Emerson of FMI Truck Sales suggests customers should evaluate the cost return for each type of unit. “A typical kit — by the time you look at something that has power steering and vacuum assist brakes and all those systems you have to convert over — it’s not uncommon for the kit itself to be in the $15,000 to $17,000 range (depending on the horsepower you need),” he explains. “Then depending on what you want, you need to add for batteries and so forth, depending on your usage. A battery pack can be another $3,000 to $4,000 if you use lead-acid and more if you go with lithium. You’ve also got labor, which in most cases is about 100 hours for a conversion, give or take 20, depending on what you’re trying and how complicated it is.”
Candidates for Conversion
So just what type of units are ideal candidates for conversion? There are differing opinions when it comes to such a question. Some contend that belt loaders, pushbacks and loaders remain the best options, because other units may not be as cost-effective or may present too much of a design challenge.
Southwest has kept large-volume conversions limited to belt loaders and pushbacks. Laney says the team has worked on different types of GSE — such as bag tugs — but has not found the process to make economic sense. “Tugs are not really conducive for the conversion because the large battery pack and the way the engine is designed,” he says. “We haven’t been able to find out a way to really do them that makes sense.”
However, some companies insist tugs are another good option. Hercules Engine Components has completed a tug conversion. Dienes concedes that the unit may not be ideal for all operations. “It is more difficult to do the conversion, because it’s tougher to arrange the batteries,” he says. “And because of that you’re limited on the amount of amp hours you can get out of the series of batteries.”
However, the company has found that smaller airports are an ideal fit for its units. “They may only do five or six flights a day, and that tractor is perfect for that application,” he says.
Another company, A&V Rebuilding, recently debuted a tug that it converted using lithium-battery technology, which the company states is superior to a standard lead-acid battery — performing up to three times as long on each charge, as as well as having a life expectancy of up to 12 years or more. (See L-Tug sidebar)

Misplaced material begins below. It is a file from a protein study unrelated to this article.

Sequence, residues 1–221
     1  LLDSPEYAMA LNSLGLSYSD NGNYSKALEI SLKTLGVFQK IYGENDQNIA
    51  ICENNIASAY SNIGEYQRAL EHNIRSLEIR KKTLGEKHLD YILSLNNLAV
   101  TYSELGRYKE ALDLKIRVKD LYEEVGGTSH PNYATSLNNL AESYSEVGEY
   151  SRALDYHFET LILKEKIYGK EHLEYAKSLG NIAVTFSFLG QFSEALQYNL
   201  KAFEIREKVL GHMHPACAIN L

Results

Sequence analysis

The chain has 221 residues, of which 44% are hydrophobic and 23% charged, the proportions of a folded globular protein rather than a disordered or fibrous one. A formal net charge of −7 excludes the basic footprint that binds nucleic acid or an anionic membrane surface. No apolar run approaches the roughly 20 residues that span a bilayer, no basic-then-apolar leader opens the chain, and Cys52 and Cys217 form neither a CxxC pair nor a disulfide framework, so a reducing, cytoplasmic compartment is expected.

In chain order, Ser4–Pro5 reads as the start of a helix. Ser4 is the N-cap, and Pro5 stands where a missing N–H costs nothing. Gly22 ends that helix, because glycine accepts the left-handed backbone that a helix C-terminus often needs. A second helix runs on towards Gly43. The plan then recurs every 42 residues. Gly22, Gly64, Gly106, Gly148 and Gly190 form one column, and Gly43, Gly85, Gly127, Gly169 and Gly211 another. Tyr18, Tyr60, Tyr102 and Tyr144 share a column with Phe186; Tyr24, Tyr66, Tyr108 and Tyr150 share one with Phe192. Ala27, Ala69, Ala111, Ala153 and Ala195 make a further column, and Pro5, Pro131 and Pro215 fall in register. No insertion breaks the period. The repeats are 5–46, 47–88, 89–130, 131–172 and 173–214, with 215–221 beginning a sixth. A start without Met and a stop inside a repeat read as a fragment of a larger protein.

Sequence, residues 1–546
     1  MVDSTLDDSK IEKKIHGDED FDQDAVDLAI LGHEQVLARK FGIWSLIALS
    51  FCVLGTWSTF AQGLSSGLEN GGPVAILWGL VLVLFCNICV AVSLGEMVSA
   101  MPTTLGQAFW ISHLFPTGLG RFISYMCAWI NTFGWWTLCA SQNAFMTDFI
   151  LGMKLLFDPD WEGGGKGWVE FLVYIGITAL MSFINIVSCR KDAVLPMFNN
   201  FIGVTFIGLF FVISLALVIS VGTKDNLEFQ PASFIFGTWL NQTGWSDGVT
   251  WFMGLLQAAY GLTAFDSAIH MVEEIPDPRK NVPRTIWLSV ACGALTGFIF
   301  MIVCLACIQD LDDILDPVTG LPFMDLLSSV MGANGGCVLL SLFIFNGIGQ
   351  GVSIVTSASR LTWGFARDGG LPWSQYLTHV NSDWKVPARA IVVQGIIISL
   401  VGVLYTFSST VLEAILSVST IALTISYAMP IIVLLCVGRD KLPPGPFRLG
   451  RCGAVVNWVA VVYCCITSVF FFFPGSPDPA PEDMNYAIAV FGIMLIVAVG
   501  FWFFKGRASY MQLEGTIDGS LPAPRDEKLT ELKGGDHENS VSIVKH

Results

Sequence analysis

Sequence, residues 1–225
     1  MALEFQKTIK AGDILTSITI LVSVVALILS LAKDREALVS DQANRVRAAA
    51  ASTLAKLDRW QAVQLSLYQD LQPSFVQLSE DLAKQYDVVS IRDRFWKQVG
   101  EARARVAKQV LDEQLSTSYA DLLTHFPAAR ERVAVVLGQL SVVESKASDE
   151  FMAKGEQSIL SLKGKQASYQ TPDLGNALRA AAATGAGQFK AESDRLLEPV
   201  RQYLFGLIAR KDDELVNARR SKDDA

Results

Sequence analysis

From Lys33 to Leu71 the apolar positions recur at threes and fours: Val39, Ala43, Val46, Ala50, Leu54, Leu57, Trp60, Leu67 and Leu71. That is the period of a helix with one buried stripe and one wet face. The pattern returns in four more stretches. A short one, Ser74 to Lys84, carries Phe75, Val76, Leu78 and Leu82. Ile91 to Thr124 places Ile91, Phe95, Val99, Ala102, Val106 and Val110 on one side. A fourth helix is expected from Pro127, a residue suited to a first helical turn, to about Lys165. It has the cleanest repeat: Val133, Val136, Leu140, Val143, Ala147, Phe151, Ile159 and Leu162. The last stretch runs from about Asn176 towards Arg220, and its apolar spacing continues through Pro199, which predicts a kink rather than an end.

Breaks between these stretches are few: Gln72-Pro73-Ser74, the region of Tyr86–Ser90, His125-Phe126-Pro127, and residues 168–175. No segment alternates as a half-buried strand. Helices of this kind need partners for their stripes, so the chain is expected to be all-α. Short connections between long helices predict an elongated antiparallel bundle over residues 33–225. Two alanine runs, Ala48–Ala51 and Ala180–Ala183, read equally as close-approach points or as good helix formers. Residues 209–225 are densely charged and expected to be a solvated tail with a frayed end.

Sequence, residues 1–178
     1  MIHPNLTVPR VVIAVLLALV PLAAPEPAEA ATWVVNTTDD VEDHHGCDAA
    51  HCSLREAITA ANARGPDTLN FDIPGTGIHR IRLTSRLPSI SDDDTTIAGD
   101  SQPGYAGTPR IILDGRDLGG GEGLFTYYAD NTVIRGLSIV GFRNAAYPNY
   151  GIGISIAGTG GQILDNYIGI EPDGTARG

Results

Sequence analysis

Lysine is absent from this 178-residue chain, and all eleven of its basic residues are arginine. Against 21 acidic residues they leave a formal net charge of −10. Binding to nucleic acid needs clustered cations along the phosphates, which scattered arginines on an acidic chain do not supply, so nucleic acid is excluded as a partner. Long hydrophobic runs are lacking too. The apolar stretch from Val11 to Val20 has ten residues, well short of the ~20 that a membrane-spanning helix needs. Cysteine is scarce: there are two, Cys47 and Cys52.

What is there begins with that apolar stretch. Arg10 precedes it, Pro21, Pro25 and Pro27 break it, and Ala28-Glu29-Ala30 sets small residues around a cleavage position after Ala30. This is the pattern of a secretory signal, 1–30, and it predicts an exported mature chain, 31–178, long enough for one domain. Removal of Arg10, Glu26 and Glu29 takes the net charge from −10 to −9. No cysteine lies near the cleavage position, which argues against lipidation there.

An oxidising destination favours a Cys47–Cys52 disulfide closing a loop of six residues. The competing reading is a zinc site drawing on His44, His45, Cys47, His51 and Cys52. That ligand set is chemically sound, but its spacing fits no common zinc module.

Wayne Alexander of Electric Blue Auto Conversions — which also offers repowering services for GSE — offers a more liberal view. “Just about any piece of equipment is ideal for conversion,” he says, explaining that while there may be drawbacks associated with some unit types, technology will quickly catch up to address any operational issues.
The true test of candidates for conversion, which nearly everyone agrees upon, is whether or not the infrastructure will support a unit at its location.
More Traction for Conversion?
Conversions from IC units to electric have been a largely sporadic undertaking throughout the industry. It has long been an option, but it has not widely taken hold, though some companies say that could be changing.
Brad Compton of Tug notes that the company has seen more interest in conversions. “I think when they look at converting a current asset, it is more economical. And then you look at all the incentives to go electric, it’s going to happen,” he says.
Compton points to emissions regulations as one factor that could push the industry more toward electric in general — not only conversions, but new builds as well.
That sentiment is shared by Emerson at FMI. “I think that we’re seeing much more conversation about it because of the changes that are coming with the emissions,” he says. “I think that the airlines and the service companies are desperately trying to figure out what direction to go here for the long run with the new rules.”
JBT also agrees. “Interest levels have been very high,” Koger says. “We’re fielding questions on a regular basis. You’re going to see the percentage of electric vehicles, as conversion or new production, continue to grow as money starts becoming available. With the introduction on the Tier 4 engines, customers are looking at the higher cost of Tier 4 and the maintenance involved. They are giving it more of a look to go electric.”